Judi Dench and Sophie Cookson take turns playing a communist agent who plied her trade for over 40 years
Dir. Trevor Nunn. UK. 2018. 110 mins
An unremarkable little old lady, who spends her days tending shrubs in her suburban garden, is not the most obvious person be revealed as an enemy of the state. But when Joan Stanley (Judi Dench) is arrested for treason, the files on this unassuming octogenarian date back to her university days in the late 1930s. Directed by Trevor Nunn, this espionage picture is based on the real-life case of Melita Norwood, a pensioner who was arrested for passing secrets to the KGB over a period of forty years.
Solidly competent and, for the most part, well acted the, film employs a safe, familiar approach
The hook here is the juxtaposition of the sweet old granny protagonist with a plot which juggles scientific secrets and sex scandals – it’s a spy movie which sips horlicks rather than swigs dry martinis. But since most of the story unfolds in somewhat more conventional flashback sequences, the picture rather squanders its elderly-biddy-as-communist-agent USP.
Solidly competent and, for the most part, well acted the, film employs a safe, familiar approach and lacks the distinctive element which could boost its box office potential. Following from its premiere in Toronto, Red Joan will be released in several territories early next year, including the UK, where it will be distributed by Lionsgate. This is a picture which certainly wouldn’t suffer from being watched on a small screen, so sales to VOD platforms could help to connect it to broader audiences.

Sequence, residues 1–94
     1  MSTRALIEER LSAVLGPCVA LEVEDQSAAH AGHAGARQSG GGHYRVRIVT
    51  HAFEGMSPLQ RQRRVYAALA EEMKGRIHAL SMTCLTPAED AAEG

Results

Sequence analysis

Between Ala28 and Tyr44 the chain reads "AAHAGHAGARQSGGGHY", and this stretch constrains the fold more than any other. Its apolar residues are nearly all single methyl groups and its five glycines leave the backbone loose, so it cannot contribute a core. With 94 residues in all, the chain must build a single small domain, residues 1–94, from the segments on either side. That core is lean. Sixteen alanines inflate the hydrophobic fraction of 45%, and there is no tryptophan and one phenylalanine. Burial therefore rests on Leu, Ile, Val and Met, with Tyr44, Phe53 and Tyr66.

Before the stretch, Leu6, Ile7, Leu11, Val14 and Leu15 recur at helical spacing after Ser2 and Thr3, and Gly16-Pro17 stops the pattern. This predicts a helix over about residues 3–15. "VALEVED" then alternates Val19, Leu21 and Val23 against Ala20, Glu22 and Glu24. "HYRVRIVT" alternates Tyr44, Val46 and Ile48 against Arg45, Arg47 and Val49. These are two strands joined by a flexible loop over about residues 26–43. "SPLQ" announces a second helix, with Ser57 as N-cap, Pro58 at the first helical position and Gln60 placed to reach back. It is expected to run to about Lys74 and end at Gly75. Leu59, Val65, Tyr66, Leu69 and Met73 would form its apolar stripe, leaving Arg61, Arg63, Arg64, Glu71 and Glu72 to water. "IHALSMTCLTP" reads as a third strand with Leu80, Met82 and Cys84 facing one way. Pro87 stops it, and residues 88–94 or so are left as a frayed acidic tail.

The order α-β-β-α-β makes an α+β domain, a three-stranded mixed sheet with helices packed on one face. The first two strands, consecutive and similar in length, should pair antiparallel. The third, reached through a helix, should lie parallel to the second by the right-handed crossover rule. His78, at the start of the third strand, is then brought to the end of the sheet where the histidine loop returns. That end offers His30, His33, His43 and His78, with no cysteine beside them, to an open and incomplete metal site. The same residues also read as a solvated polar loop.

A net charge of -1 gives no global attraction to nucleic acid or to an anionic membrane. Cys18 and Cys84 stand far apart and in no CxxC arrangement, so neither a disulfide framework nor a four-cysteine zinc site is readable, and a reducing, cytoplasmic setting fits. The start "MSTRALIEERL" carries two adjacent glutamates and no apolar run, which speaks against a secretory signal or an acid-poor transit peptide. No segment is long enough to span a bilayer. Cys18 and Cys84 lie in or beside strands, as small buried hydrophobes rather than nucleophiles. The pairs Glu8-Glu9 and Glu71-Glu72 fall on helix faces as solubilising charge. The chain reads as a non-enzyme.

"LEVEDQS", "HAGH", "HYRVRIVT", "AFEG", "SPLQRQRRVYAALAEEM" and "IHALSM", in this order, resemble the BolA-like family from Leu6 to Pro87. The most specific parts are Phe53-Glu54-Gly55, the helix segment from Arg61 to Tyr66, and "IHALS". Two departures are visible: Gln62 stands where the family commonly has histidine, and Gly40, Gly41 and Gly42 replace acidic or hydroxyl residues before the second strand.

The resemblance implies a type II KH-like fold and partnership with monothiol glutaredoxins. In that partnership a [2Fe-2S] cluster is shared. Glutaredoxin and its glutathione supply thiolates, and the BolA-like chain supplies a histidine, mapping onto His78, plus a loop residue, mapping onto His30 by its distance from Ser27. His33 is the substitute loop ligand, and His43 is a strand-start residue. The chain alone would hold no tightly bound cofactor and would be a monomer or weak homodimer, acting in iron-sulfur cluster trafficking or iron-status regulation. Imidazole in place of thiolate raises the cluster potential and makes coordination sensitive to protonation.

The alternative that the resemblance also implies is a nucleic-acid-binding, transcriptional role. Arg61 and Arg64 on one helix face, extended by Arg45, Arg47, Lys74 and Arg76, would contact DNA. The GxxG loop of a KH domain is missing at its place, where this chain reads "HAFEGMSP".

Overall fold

Joan’s first encounters with communism sympathisers, her politicisation and the difficult decision to work with the Soviets all play out in the extended flashbacks which make up the majority of the picture. Although Dench tops the cast, it is Sophie Cookson (Kingsmen), playing Joan in a younger incarnation, who gets the most screen time. Sheltered physics student Joan first encounters the ‘pinko’ contingent at University when glamorous Russian emigré Sonya (Tereza Srbova) climbs through her window to avoid getting caught breaking curfew. Through Sonya, Joan meets smouldering commie totty Leo (Tom Hughes), Sonya’s floppy fringed cousin. When Leo first throatily describes Joan as “my little comrade”, she flutters in pleasure. But Leo has trouble committing to anything other than his ideology, and the nickname soon loses its appeal.
When Joan gets a job working on a top secret programme to develop nuclear weapons, both Sonya and Leo attempt to persuade her to share her knowledge with the other side. But what finally prompts her to do so is the devastation wrought by the atomic bombs dropped by the Americans on Japan, and the belief that if both sides have weapons as deterrents, further world wars are unlikely. Through the device of Joan’s sceptical son who is eventually won over to his mother’s way of thinking, we are encouraged to sympathise with Joan’s beliefs,
The screenplay has some fun at the expense of the sexism of the era. “No one would suspect us, we’re women,” scoffs Sonya. Later, Joan is forced to deploy a weapon more terrifying than any bomb: a box of sanitary pads, which unerves a policeman so thoroughly, he is unable to search her bag.
Lacking much in the way of peril and tension, the film instead relies on an overly emphatic score to signpost the emotional keys of each scene. The look of the film is rather more muted – the colour palette features olive greens, greys and washed-out beiges the colour of milky tea.
Production company: Trademark Films
International Sales: Embankment Films email@example.com
Producers: David Parfitt
Screenplay: Lindsay Shapero
Production Design: Cristina Casali
Editing: Kristina Hetherington
Cinematography: Zac Nicholson
Music: George Fenton
Cast: Judi Dench, Sophie Cookson, Stephen Campbell Moore, Tom Hughes